To Kill a Mockingbird Questions and Answers
by Harper Lee

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How does Scout mature in To Kill a Mockingbird?Please give multiple examples.

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One of the most incredible transformations in maturity is Scout's perception of Arthur "Boo" Radley. In the beginning, she sees Boo as an object of fascination—a myth more than a man. She, Jem, and Dill spend countless hours inventing games about him and trying to entice him to emerge from his home. Scout both fears and is fascinated by the idea of Boo.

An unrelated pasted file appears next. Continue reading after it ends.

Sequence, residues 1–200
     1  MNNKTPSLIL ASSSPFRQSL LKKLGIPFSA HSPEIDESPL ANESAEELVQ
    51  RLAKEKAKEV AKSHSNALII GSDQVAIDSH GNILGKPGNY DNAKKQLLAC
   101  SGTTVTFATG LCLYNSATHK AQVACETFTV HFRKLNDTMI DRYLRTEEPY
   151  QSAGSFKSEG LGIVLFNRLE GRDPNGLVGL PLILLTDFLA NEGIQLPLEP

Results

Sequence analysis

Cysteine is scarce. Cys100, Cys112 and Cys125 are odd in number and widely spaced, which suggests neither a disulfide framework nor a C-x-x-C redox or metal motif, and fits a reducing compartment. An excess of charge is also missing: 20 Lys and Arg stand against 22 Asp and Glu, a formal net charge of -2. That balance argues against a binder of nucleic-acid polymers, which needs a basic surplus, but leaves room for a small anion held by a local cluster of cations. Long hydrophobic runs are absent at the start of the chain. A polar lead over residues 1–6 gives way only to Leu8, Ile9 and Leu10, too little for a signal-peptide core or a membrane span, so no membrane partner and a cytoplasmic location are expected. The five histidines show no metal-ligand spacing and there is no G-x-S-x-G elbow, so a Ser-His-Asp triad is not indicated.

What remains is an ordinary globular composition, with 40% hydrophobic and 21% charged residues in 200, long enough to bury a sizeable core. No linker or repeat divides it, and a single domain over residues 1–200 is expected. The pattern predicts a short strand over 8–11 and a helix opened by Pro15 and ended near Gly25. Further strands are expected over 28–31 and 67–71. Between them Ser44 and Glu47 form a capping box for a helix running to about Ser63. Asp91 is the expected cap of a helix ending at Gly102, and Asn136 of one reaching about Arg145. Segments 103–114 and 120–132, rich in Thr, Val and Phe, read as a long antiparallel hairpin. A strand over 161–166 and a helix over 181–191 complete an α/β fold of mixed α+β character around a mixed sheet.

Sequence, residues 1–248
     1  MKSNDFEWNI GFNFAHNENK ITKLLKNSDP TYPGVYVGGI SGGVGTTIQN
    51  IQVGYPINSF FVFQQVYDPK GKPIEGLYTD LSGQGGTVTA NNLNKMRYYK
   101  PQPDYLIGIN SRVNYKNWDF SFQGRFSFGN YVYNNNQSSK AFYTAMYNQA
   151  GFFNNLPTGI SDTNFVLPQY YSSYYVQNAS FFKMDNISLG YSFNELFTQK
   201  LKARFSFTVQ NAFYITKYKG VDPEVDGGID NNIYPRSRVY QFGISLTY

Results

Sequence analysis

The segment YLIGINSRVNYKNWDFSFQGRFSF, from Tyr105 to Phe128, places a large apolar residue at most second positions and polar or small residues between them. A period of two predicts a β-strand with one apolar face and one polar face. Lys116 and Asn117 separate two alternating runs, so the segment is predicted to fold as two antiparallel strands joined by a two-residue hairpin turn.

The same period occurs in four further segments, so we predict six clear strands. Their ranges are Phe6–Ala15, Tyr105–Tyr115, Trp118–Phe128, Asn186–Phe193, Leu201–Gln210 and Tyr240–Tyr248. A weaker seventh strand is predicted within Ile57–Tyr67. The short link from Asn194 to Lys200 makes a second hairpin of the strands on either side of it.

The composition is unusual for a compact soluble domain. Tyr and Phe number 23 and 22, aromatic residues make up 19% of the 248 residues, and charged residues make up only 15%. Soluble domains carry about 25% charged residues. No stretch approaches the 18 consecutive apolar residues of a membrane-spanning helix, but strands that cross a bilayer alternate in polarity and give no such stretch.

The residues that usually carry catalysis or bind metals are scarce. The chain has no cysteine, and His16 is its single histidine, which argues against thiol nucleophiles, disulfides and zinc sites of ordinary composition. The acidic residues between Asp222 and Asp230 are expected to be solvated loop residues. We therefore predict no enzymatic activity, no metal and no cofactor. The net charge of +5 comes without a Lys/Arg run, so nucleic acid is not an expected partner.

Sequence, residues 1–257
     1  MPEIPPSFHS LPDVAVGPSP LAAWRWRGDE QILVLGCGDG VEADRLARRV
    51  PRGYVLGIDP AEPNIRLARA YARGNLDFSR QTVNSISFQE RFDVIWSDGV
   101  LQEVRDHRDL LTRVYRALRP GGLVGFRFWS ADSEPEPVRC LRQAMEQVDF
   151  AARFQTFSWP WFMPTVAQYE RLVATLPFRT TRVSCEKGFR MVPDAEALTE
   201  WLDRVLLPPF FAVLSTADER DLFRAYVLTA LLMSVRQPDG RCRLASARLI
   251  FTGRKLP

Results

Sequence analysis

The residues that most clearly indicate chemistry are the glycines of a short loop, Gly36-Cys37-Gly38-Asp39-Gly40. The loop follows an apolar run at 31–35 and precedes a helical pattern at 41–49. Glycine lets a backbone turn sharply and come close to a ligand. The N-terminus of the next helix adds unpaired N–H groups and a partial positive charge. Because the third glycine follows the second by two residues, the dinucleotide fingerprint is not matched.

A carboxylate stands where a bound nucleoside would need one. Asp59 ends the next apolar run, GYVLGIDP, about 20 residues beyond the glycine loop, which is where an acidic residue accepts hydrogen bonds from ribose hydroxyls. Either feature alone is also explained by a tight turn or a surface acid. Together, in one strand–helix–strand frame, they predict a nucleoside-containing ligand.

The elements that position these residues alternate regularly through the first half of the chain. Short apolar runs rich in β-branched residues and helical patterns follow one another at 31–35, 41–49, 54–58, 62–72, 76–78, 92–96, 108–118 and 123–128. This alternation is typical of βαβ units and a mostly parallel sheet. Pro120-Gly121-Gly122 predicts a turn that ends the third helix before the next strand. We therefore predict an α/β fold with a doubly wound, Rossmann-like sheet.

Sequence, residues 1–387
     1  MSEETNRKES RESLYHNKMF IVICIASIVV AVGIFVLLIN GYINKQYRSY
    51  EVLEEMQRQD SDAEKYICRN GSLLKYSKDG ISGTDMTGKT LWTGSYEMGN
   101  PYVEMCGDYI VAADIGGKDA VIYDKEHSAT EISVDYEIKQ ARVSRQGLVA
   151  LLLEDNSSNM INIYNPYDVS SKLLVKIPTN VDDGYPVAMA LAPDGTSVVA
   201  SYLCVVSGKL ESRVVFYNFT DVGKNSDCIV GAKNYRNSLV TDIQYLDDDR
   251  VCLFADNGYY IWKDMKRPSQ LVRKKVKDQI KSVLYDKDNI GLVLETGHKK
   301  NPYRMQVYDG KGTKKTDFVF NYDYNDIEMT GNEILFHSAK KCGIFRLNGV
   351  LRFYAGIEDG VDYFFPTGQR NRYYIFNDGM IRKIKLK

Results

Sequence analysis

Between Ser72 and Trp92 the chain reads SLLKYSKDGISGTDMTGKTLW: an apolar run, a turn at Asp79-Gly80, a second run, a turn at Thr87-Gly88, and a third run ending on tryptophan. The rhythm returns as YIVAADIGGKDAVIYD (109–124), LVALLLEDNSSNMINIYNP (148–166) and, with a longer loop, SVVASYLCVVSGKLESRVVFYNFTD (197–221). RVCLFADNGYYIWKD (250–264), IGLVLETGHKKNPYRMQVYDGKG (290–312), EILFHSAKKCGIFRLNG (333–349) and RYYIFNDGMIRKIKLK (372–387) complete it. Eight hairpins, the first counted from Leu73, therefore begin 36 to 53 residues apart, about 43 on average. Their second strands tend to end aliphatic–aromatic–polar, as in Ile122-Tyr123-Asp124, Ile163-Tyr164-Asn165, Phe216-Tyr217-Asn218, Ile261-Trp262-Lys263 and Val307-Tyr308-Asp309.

Gradually, though, Scout begins to shift the way she sees Boo. In the final scene, Boo asks her to take him home in a soft whisper. Scout wants to defend Boo's integrity and says that she would never allow Boo to "lead [her] home." Instead, she asks him to bend his elbow a little so that she can slip her hand inside. This is an intentional move with foresight against the rumors generated by Miss Stephanie Crawford:

If Miss Stephanie Crawford was watching from her upstairs window, she would see Arthur Radley escorting me down the sidewalk, as any gentleman would do.

This shows a great growth in maturity compared to Scout's games involving...

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